[aida] Aida comprehensive documentation: a newbie experience

Offray Vladimir Luna Cárdenas offray at riseup.net
Sat Jul 23 17:55:24 CEST 2011


Hi all and thanks for Aida.

This will be a long mail talking about my initial lectures as a newbi on 
Aida/Smalltalk and development and what brings me and keeps me here, so 
I hope to stay with me

As a newbie, I have been wondering about using web2py, Seaside or Aida 
for a small project. It seemed for a while, that Aida was the proper way 
to go, but I'm was little worried for the lack of documentation. After 
trying the tutorial, browsing the web and seen presentations I get a 
pair of errors, first one trying to use the One Click Experience with 
the beta version and the second, making the first tutorial in the docs, 
that seems, in some, way oriented to people with more experience with 
Smalltalk instead of total newbies like me.

I'm trying Seaside now, which has a more comprehensive documentation, 
but I plan to be part of Aida Community, because I think that the 
Smalltalk web application frameworks (Aida, Seaside, Iliad), need to 
form a strong front to compete with the offers and awareness outside the 
Smalltalk world (web2py, Plone, Ruby on Rails, etc.). I share the idea 
mentioned in the list about Smalltalk frameworks being for people who is 
opinionated about what web development should be (or software 
development in general), and that are willing to learn Smalltalk and 
this is my case. As I said, I will like to help, as a newbie, to show 
what brings me here and what I'm learning, so this could help other 
newbies, and community in making newbies enculturation more appealing 
and fluid.

The first thing is that, being a person who knows about Plone/Zope from 
the end/user point of view, but with a critical perspective of web 
development I want to keep me in a language that was not "web only", 
(like php) and with strong communities in other areas of my interest, 
like scientific computing, and with stronger ubiquity in 
programming/extending a lot of other programs, so python seems a 
language that I want to have in my belt. The thing that I don't like 
about Zope was the complexity and searching for simple and powerful web 
application frameworks made in Python I found web2py which was for long 
time the framework I thought I would use for my first development, even 
considering its similitudes with Smalltalk in the sense of having a 
integrated development environment and the continuity between the 
deployment and the development environments. But it was not. The reason: 
I want to made also a desktop app and web2py was python for the web 
"only", so If I want to make this desktop app I will need still learn 
something like PyQt and dealing with porting/support to different 
environments, as I have witness myself in the case of PyQt for mac, and 
still dealing in the web development with some issues about different 
mental models: objects in python, tables in databases and template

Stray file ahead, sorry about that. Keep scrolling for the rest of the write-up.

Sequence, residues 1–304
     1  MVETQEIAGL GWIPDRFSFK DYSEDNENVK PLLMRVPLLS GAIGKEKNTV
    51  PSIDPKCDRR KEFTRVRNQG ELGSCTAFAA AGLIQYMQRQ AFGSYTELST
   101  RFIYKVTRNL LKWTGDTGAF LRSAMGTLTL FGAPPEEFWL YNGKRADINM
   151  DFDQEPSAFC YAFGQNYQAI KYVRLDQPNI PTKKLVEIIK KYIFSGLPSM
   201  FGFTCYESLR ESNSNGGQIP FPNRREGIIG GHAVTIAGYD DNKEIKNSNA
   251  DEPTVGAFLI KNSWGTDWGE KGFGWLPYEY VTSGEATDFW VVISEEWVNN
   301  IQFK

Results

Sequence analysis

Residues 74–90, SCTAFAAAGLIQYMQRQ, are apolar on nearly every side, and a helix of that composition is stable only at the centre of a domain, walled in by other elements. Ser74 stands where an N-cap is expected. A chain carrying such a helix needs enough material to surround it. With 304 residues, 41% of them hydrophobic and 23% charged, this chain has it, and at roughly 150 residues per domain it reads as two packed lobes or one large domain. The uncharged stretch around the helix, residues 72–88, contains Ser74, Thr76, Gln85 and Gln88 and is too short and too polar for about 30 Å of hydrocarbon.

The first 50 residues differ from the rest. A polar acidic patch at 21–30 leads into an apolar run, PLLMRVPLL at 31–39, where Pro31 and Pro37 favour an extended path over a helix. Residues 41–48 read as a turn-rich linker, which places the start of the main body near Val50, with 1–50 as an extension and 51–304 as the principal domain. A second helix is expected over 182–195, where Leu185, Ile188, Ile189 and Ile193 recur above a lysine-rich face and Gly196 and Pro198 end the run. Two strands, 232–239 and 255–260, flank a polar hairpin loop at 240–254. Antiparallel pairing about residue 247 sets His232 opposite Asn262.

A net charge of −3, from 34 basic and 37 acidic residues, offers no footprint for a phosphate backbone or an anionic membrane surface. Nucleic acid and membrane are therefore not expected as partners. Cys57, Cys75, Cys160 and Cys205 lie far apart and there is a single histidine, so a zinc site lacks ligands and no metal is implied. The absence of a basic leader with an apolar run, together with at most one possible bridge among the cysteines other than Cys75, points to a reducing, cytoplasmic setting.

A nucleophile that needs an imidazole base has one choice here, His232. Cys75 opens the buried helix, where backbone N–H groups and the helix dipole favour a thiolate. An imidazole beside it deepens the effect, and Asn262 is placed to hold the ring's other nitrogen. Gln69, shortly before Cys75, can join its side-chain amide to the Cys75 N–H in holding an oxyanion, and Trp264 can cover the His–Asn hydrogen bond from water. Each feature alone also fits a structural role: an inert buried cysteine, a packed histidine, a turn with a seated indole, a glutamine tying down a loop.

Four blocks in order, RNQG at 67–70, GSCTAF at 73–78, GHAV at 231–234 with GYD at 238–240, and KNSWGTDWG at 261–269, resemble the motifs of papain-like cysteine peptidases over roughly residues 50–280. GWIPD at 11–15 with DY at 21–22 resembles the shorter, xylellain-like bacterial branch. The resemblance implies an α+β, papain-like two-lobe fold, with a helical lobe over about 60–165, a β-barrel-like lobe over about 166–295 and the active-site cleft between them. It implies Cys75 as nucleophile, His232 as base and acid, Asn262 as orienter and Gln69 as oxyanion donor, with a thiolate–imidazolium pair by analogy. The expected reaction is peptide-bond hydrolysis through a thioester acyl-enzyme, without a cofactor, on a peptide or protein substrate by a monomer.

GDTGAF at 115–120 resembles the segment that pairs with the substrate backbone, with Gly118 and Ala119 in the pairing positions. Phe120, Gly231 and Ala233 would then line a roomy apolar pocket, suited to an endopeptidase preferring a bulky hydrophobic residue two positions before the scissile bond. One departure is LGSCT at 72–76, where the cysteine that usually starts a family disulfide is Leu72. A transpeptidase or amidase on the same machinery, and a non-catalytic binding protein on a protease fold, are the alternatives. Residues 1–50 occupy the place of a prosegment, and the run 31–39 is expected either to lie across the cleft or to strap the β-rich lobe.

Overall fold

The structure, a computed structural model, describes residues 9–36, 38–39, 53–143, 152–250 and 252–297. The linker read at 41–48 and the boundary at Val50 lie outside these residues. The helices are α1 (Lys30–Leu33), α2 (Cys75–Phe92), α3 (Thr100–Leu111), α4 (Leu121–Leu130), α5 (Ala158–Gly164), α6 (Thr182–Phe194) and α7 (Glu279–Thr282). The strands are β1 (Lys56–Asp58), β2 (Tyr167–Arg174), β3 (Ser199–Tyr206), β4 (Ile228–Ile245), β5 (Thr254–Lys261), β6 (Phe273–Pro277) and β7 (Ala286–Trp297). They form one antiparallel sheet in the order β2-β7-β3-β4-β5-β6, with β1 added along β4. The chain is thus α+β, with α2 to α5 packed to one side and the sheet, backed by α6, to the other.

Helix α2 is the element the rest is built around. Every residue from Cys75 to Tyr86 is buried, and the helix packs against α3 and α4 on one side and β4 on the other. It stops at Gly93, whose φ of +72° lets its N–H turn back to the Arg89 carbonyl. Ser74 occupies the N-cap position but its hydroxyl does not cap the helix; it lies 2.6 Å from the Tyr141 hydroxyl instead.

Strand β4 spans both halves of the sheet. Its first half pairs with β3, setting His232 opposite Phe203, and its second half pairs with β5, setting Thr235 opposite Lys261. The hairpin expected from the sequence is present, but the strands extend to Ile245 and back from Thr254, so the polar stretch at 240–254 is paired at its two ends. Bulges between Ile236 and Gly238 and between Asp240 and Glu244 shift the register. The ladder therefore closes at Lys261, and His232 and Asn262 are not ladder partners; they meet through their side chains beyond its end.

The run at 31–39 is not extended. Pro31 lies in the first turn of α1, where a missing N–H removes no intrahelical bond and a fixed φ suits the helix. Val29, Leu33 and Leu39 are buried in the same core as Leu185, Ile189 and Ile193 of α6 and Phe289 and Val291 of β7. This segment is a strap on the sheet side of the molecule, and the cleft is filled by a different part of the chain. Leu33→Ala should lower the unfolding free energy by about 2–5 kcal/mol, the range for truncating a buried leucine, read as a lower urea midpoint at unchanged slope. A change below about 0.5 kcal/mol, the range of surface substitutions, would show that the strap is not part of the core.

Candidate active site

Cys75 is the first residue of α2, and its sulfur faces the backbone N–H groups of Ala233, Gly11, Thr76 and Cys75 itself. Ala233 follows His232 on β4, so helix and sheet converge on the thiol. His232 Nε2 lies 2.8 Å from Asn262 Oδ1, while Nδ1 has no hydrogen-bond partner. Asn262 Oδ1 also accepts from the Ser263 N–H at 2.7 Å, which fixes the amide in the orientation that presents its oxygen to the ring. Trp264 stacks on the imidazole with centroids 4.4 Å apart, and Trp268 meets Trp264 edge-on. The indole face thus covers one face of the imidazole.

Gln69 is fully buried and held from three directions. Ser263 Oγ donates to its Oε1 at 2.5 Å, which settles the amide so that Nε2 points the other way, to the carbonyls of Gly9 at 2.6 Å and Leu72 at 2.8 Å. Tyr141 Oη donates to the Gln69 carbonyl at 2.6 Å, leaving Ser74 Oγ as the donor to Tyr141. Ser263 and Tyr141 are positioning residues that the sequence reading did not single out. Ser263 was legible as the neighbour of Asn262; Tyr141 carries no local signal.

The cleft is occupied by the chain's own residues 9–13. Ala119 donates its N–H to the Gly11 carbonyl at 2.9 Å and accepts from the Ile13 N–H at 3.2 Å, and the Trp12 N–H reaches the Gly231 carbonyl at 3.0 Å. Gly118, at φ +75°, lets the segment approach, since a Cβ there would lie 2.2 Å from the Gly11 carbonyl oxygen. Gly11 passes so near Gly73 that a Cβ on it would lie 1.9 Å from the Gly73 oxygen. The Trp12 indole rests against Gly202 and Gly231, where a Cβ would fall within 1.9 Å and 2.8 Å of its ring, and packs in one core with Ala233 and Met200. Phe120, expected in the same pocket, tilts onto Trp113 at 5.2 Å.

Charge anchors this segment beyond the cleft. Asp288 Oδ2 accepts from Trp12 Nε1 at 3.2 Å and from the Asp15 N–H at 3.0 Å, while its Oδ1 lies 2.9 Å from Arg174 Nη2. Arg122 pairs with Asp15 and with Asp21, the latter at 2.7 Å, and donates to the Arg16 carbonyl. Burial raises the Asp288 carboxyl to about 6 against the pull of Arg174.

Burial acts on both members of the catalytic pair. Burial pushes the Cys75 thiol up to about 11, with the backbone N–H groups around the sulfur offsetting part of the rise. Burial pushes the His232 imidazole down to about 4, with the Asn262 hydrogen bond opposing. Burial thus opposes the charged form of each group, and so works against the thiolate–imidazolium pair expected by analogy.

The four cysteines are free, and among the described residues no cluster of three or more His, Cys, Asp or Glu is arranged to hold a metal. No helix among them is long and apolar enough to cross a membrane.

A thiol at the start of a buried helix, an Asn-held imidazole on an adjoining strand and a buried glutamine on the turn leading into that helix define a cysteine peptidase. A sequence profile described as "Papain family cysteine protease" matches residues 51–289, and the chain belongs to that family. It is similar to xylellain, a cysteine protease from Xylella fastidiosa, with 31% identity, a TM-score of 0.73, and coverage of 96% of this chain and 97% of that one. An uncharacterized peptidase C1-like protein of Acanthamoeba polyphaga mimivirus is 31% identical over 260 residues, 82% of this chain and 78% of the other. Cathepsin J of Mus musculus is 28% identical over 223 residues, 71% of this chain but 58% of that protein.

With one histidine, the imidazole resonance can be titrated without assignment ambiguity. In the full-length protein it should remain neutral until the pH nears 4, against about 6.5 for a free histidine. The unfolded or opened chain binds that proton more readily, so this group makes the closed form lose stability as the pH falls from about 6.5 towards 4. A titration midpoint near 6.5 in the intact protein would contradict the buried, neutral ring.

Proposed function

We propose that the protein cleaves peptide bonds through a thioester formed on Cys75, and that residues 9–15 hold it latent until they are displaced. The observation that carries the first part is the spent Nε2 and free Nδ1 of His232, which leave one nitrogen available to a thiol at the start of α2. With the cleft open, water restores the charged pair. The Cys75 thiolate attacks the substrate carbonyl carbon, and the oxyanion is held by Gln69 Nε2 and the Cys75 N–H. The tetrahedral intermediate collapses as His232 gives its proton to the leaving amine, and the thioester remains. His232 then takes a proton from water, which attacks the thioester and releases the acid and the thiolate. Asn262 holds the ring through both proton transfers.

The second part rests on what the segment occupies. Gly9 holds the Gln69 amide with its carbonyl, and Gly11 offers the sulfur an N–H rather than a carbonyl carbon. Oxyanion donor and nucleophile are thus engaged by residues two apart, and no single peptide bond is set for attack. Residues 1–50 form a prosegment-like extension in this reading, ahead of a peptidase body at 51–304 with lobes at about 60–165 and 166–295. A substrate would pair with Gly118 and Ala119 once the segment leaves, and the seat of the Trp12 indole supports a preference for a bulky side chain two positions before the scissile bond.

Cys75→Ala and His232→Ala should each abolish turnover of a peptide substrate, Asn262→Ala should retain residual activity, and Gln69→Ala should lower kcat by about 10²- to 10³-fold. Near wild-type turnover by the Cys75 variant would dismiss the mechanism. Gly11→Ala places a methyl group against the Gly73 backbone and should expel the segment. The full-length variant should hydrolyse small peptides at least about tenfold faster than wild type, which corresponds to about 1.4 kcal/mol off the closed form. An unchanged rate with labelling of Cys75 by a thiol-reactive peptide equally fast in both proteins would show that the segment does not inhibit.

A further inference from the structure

languages with their mixing/escapes of/to html and javascript. The One 
Click Experience of Pharo/Squeak and the possibility to deal with 
desktop and web developments inside a single environment with high 
portability and just one click away from my intended users and last but 
not least without dealing with license issues of privative software, was 
what finally convinced me to made all my development on OCE/Pharo.

Then became the decision about Seaside/Aida. I don't like the urls on 
Seaside and being a total newbie, having clean REST url in Aida and the 
familiarity with a MVC model in web2py inclined me to Aida at first, 
but, as I said, making the first tries and not finding comprehensive 
documentation made me go to Seaside willing to solve the ugly url's 
which, by the way, is supported, but is just not the default (because of 
the use of continuations and a stateful philosophy). I can understand 
the difference between communities that let the Seaside people to 
construct detailed documentation (the tutorial[1] and the Seaside Book). 
As you can see they're done by people related to academy, teachers 
and/or doctoral students, so this material is part of their teaching 
practice, while Aida is a smaller community with less academical ties. 
But after almost 15 years of development, Aida is needing desperately a 
comprehensive documentation in the form of a book (the docs here and 
there are worth, but not comprehensive). I think that the model Hasso 
Planner Institut at [1] is the model to follow for this first attempt of 
comprehensive documentation directed to newbies, familiar with object 
oriented concepts, but not with a strong background in Smalltalk. I 
understand that this work is under a creative commons non-commercial 
non-derivatives license, but I think that talking with the authors would 
let them to relicense it under a more liberal one (may be creative 
commons non-commercial share alike, or a CC-SA) so this book can be the 
base for the Aida Book in the same way that happened with Squeak by 
Example book as a base for the Pharo by Example book. I also have my 
comments about the ToDo application as a first application in the 
tutorial, but they will be for another mail (this is getting too long 
now ;-) )

[1] http://www.hpi.uni-potsdam.de/hirschfeld/seaside/tutorial

As I said I will be learning Seaside first, using their comprehensive 
documentation, but I think that Smalltalk frameworks need to be in a 
continuous cross-pollination or even integration to offer strong 
competence and appealing for the people outside Smalltalk and I hope 
that this mail could help modestly in that direction.

Cheers,

Offray


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